Jane Fonda Gets Crude and Lewd
By Skip Sheffield
Jane Fonda has turned to comedy- low comedy- in her golden years as the prickly, pushy, breast-enhanced matriarch of “This is Where I Leave You.”
This is best described as a comedy of situations, adapted by Jonathan Tropper from his novel and directed by Shawn Levy.
The main situation is that four grown siblings of the Altman family are “grounded” by their mother Hillary (Fonda) so that they sit Shiva for a week as is the Jewish custom when their father dies.
Judd Altman (Jason Bateman) points out his father was not the least bit religious and mother Hillary, a celebrity best-selling child psychologist and author, is not Jewish at all. Furthermore, despite having a know-it-all psychologist mother, the Altman clan is completely screwed up.
Poor Judd has just caught his sexy wife Quinn (Abigail Spencer) “in flagrante delicto” with his jerky, egotistical young boss Wade (Dax Shepard).
Sister Wendy (Tina Fey) is married to Barry (Aaron Lazar) and has two children. Wendy is still haunted by guilt after a car accident left her childhood boyfriend Horry (Timothy Olyphant) brain damaged and in the care of his mother.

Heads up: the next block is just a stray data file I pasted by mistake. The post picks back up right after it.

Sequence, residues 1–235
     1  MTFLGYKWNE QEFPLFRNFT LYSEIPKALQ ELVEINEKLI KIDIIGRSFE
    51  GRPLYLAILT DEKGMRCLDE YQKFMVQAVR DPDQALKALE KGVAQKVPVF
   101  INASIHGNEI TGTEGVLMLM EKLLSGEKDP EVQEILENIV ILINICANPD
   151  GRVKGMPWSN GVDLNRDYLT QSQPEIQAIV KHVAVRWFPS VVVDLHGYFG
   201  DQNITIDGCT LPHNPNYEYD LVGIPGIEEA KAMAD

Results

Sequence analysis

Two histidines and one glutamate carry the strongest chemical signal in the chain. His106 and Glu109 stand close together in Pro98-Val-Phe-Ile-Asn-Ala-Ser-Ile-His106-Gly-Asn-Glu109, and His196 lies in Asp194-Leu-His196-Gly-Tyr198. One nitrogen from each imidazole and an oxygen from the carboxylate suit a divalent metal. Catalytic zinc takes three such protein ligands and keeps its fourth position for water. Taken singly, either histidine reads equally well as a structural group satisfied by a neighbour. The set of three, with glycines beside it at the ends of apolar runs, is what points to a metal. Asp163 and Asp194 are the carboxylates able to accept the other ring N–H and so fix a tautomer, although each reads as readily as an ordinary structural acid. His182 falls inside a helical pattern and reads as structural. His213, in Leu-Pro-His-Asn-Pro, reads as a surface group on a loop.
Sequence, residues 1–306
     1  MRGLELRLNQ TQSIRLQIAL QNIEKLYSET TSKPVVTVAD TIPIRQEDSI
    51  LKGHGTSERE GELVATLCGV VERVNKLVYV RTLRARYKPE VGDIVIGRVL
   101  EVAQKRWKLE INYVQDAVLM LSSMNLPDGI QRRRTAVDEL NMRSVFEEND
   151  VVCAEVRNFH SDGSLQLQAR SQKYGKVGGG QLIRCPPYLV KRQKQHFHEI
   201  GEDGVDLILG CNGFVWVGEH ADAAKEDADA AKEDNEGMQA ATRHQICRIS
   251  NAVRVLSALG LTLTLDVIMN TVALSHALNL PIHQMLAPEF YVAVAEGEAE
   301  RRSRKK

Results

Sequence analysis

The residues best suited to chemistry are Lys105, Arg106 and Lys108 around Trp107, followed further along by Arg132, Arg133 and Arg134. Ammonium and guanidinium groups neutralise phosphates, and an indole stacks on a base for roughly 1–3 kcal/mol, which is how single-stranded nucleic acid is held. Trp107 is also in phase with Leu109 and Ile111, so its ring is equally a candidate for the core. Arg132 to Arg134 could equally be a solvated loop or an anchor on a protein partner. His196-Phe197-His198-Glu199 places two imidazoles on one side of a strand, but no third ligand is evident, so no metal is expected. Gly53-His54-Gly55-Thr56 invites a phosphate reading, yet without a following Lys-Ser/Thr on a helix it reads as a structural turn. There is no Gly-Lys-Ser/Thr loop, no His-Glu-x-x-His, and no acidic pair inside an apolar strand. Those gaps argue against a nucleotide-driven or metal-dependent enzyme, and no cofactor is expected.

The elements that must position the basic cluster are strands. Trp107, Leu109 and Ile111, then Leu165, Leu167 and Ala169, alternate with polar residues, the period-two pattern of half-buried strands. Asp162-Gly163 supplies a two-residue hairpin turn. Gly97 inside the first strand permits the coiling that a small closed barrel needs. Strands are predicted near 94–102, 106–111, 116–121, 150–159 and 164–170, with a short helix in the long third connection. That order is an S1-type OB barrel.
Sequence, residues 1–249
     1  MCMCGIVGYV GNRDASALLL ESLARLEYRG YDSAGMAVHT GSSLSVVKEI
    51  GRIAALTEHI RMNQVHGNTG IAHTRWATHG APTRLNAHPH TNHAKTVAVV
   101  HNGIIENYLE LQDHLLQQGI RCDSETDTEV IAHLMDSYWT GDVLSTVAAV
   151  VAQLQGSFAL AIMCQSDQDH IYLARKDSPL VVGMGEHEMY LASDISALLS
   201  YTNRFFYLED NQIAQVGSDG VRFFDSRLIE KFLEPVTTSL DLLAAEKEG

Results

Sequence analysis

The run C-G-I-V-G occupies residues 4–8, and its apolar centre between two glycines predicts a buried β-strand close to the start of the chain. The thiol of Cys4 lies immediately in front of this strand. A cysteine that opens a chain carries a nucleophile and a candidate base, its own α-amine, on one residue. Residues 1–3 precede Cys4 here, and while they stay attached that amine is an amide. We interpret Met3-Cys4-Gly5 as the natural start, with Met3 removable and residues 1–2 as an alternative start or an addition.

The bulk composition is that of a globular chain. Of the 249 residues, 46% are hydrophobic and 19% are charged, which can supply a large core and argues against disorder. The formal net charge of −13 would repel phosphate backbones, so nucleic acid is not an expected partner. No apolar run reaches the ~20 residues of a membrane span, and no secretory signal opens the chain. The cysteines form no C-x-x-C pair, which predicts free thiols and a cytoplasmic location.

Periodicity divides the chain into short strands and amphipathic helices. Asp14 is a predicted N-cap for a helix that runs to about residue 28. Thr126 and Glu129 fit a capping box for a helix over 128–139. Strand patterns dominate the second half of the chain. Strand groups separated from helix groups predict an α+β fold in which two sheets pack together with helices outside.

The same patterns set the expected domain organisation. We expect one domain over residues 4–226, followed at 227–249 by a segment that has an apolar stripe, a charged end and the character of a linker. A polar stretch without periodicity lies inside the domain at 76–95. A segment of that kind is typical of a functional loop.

Paul Altman (Corey Stoll) is the most level-headed and responsible of the siblings, who runs the family’s sporting goods business. However Paul and his wife Alice (Kathryn Hahn) have been trying to have a child with no success, and Alice is getting desperate.
Finally there is Phillip Altman (Adam Driver), the baby of the family, who has refused to grow up and carries on like a playboy thanks to his much, much-older lady friend (Connie Britton).
As an example of the cheap humor, the young rabbi (Ben Schwartz) is continually referred to by his childhood nickname of “boner,” much to his distress.
The biggest situation of all is a switcheroo revealed at film’s finale by dear old mom and her best friend and neighbor Linda (Debra Monk), Horry’s caregiving mother.
There are some laughs, mostly crude, in the privileged setting of a Westchester estate. At the very least Jane Fonda proves to be a good sport, willing to play to the cheap seats.